Throwing everything I can at this one

1. Sep 23, 2011

1MileCrash

1. The problem statement, all variables and given/known data

$\int \frac{(arcsinx)^{2}}{\sqrt{1-x^{2}}} dx$

2. Relevant equations

3. The attempt at a solution

First I attempted by parts, that got nowhere. Then, I attempted a u substitution for u = arcsin x, and when that did nothing I attempted one for u = arcsinx^2.

I have no idea what to do with this one. How should I approach the problem?

Last edited: Sep 23, 2011
2. Sep 23, 2011

gb7nash

Is the problem $\int \frac{(arctanx)^{2}}{\sqrt{1-x^{2}}} dx$ or $\int \frac{(arcsinx)^{2}}{\sqrt{1-x^{2}}} dx$?

3. Sep 23, 2011

1MileCrash

4. Sep 23, 2011

gb7nash

Your original intuition looks fine. Set u = arcsinx. du = ...?

5. Sep 23, 2011

1MileCrash

My original intuition of integration by parts?? I didn't think that was the preferred method because I'd have to integrate (1-x^2)^(-1/2) which would just complicate it

6. Sep 23, 2011

1MileCrash

Ok wow, this is an extremely simple substitution problem, provided you actually remember the derivative has a square root in the denominator.

Try doing it thinking it's like the arctan derivative and you will see my frustration.

7. Sep 23, 2011

gb7nash

If it was, I have no idea how to solve that. You probably won't make that mistake again.

8. Sep 23, 2011

Ignea_unda

Numerically.

9. Sep 23, 2011

Staff: Mentor

Not really a solution for an indefinite integral...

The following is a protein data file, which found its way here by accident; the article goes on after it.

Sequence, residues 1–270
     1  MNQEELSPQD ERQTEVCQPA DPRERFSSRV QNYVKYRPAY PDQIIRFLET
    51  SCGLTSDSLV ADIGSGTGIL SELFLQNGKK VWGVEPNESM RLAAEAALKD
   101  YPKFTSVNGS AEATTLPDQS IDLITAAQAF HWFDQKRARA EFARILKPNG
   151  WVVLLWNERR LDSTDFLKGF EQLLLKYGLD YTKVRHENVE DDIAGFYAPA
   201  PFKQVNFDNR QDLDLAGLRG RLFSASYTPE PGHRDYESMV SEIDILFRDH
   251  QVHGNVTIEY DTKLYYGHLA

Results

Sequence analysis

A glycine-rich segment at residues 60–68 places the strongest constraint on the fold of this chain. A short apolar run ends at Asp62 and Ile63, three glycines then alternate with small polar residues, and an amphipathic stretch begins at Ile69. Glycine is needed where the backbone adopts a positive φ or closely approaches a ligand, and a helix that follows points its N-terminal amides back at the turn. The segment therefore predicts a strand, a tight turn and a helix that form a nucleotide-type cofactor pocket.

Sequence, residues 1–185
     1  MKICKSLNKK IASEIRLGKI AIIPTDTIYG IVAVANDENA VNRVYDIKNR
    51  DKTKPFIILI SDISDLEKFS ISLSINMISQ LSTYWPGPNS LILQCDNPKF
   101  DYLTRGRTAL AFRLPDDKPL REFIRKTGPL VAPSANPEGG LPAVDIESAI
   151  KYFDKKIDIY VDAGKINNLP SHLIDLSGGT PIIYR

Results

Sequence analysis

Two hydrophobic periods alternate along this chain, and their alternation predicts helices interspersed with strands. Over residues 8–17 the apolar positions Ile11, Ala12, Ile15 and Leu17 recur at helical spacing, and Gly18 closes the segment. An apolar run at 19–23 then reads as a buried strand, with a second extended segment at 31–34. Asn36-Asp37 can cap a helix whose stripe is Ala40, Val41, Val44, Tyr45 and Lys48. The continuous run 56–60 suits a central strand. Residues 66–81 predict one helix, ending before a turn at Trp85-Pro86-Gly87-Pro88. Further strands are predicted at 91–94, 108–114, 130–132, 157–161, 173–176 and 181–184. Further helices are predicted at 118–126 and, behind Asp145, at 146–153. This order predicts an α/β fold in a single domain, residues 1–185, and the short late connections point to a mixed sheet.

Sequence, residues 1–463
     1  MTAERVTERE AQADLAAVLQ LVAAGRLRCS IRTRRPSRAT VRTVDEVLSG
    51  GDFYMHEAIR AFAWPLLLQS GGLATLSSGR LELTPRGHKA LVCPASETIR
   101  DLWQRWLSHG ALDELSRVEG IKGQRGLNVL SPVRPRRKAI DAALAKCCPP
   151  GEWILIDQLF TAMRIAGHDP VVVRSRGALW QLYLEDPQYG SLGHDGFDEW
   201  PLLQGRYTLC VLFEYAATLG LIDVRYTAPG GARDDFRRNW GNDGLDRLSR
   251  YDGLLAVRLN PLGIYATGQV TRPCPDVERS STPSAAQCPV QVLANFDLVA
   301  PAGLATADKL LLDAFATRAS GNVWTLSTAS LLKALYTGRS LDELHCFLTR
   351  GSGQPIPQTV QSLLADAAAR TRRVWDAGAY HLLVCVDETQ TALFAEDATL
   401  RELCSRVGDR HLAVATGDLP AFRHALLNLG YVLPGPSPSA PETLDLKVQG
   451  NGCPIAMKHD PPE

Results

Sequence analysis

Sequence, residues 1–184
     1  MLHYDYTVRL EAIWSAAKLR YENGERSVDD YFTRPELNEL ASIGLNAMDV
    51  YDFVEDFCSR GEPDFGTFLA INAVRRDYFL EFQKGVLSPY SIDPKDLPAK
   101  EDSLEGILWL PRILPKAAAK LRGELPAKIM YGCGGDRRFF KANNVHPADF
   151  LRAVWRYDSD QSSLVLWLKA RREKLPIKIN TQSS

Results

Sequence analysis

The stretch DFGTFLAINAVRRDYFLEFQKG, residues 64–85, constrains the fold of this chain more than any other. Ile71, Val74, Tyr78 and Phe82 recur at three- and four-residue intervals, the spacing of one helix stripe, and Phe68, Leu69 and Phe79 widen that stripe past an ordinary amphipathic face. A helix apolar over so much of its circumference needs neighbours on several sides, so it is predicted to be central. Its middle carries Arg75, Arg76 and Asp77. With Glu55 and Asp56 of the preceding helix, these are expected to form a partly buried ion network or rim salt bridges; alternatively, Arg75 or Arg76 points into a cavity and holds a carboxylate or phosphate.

10. Sep 23, 2011

Ignea_unda

Touche, I guess...didn't look that closely and missed the lack of limits.

11. Sep 23, 2011

1MileCrash

Integration is getting really difficult for me with all the new techniques I had to learn in like 2 days.

How do you guys decide which method to try first?

12. Sep 23, 2011

rock.freak667

Usually depending on how difficult it looks, you should try to do substitution before you attempt integration by parts.

For example, in your question, you can see a relation between arcsin(x) and 1/sqrt(1-x^2), substitution might work here.

13. Sep 23, 2011

1MileCrash

I have another question.

One of my favorite integrals to solve is actually integral of the arctangent. I like it because it's kind of neat, integrate by parts once, then u-substitution once, it looks good on paper.

However, you need to know it's derivative when you call it u for integration by parts.

I just have it memorized. I don't really intuitively understand how one arrives at the derivative of arctangent. Is it just something that is observable or can it actually be shown?